Second, the first month of the 1-percentage-point increase in the sales tax rate generated $100,000 more in July than the administration had projected meaning the tax increase could bring in some $4 million, rather than the $3.25 million projected when the measure was placed on the ballot.

Third, the administration and village board committed to hiring five additional full-time firefighters/paramedics before the current fiscal year concludes April 30. The department currently has five full-time officers.

Mayor Pro-Tem Mike Watson was all smiles as the three financial developments were laid out at Monday’s Bradley Village Board meeting.

He noted the village has not been in this strong of a fiscal position for at least 10 years.

“Promises made, promises kept,” Watson said after the meeting, borrowing a phase from President Donald Trump. Watson said he believed the sales tax would do better than they projected, but they wanted to be conservative with their projection.

As a result of the sales tax hike, the village will be reimbursing property tax payers half of their payment this year. If all goes as anticipated in year two of the tax, residents will receive a 100 percent reimbursement for the village’s portion of property taxes.

Regarding the budget surplus, Romo said this measure was completed due to many factors, including automation, not replacing staff members and moves such as joining the countywide dispatch center as opposed to maintaining a separate complex.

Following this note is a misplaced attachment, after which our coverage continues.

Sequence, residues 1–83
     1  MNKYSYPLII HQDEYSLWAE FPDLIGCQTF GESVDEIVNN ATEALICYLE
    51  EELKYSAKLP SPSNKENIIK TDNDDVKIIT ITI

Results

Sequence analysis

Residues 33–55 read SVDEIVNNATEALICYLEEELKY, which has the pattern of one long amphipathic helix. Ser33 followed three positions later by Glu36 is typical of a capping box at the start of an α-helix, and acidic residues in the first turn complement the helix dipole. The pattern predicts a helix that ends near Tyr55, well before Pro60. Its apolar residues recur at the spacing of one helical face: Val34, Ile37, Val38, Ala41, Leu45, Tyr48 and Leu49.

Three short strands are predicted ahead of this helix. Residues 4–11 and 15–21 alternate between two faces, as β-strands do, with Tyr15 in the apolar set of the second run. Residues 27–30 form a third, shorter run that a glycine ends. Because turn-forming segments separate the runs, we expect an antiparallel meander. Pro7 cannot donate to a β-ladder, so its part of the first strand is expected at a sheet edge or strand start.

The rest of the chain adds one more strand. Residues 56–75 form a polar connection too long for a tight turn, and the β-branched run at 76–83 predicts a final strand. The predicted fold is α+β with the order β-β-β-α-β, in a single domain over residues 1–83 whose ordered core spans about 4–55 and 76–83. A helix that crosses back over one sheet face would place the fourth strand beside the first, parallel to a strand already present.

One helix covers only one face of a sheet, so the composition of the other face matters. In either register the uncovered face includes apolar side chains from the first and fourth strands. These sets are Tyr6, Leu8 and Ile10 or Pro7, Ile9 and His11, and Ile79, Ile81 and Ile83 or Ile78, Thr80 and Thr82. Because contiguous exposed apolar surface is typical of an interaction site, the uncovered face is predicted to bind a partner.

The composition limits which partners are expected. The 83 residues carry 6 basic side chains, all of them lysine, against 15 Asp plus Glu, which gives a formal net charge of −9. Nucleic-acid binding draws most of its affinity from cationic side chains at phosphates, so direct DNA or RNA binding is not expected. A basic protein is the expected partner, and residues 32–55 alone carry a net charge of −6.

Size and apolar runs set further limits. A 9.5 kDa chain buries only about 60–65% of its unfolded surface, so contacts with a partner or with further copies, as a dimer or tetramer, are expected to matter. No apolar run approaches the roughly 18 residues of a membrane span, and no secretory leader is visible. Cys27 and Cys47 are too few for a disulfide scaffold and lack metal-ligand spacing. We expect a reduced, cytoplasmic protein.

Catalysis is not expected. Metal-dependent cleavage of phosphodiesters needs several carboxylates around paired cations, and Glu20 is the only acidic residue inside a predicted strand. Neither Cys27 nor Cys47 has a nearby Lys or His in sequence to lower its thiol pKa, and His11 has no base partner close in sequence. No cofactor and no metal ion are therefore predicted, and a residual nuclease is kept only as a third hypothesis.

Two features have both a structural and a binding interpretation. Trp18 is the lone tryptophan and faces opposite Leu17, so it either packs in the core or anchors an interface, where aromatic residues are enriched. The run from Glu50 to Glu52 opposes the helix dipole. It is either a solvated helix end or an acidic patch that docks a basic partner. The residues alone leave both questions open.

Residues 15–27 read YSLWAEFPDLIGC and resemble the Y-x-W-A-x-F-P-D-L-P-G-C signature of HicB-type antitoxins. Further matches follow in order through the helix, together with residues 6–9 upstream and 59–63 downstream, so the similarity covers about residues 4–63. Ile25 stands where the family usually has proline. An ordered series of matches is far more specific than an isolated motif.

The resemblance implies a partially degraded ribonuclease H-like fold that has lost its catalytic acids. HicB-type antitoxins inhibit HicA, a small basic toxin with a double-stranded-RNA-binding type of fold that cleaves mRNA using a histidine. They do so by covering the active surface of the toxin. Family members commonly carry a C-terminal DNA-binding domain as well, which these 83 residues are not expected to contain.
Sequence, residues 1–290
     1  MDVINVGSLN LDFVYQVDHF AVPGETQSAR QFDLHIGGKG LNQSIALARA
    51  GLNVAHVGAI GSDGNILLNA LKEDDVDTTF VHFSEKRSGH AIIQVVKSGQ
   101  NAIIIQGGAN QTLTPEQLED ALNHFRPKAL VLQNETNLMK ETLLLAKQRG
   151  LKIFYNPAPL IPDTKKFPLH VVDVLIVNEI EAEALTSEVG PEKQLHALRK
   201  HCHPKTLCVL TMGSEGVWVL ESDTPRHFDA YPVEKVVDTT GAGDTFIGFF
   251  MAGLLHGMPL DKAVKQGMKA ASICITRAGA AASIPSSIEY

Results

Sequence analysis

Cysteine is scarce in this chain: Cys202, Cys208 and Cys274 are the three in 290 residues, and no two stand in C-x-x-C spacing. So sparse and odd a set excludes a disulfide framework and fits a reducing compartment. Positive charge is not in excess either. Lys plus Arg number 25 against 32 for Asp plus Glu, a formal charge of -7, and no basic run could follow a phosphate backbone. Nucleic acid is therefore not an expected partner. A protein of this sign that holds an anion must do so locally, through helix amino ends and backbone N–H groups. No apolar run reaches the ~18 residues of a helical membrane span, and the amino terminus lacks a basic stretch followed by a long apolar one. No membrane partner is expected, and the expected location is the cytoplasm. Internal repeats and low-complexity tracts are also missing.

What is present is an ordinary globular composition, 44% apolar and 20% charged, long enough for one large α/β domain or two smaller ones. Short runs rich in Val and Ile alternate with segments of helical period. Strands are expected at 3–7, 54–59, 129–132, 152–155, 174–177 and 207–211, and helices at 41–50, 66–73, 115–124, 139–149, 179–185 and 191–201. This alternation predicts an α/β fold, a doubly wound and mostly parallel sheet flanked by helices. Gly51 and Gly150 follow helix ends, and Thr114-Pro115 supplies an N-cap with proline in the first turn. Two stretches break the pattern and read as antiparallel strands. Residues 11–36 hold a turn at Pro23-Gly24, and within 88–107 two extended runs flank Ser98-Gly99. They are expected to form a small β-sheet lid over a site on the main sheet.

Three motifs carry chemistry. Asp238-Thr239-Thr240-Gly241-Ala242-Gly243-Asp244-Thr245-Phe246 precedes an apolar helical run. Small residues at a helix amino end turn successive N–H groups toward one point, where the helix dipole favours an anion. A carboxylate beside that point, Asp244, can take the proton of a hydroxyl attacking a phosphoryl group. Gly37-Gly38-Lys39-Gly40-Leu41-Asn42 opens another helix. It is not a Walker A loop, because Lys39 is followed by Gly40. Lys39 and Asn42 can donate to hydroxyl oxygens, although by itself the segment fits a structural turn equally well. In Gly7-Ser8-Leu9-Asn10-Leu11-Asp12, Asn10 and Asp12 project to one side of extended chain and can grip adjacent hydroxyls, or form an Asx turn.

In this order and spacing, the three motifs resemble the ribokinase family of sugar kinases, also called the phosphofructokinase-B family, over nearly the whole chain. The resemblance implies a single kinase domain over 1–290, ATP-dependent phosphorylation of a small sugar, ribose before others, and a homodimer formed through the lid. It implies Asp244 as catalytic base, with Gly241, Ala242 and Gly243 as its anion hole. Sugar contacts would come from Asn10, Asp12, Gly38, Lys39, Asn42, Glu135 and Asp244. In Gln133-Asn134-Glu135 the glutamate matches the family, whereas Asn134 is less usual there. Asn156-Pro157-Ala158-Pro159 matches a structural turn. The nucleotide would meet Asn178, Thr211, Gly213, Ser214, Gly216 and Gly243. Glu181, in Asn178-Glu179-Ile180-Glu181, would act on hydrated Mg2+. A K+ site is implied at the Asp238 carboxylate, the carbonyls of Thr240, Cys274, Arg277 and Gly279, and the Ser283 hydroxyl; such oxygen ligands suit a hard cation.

Since the 2012, Bradley has had a budget surplus on only three occasions: $413,862 in 2020; $16,694 in 2019; and $257,438 in 2013.

Since 2012, the village had reported deficits in several fiscal years: $384,793 in 2012, $442,856 in 2014, $2.13 million in 2015, $120,037 in 2016, $337,065 in 2017, and $955,611 in 2018.

Watson said in addition to adding firefighters — the village has talked about constructing a second fire station — a chief target for growing revenues will be improving roads.

Watson said the benefit of the sales-tax increase is that people from outside Bradley are helping to fund needed upgrades within the village.

Herscher HS closing for 2 weeks due to COVID-19 outbreak

HERSCHER — Herscher High School will be closed for two weeks due to a COVID-19 outbreak within the school, Superintendent Rich Decman said Monday in a letter to the Herscher School District community.

The Kankakee County Health Department notified the district of the outbreak and recommended that the school be closed for the next 14 days to contain the spread of the virus and allow for a deep cleaning of the building, according to the letter.

An outbreak is defined as when an individual who has tested positive for COVID-19 has been in close contact with one or more other individuals who have subsequently tested positive or shown symptoms of the virus.

The health department specified that more than one HHS student who has tested positive or shown symptoms for COVID-19, along with other students known to have been in close proximity to them, have now tested positive or are showing symptoms, according to the letter.

In response, HHS will be closed to student attendance from Tuesday until Nov. 9.

From Wednesday through Nov. 9, all HHS students will receive remote instruction from their teachers.

HHS students may return to in-person instruction on Nov. 10.

Last week, the school district reported a total of eight new student COVID-19 cases, five of whom were HHS students. The cases were not known to have been linked with one another, according to previous district communications.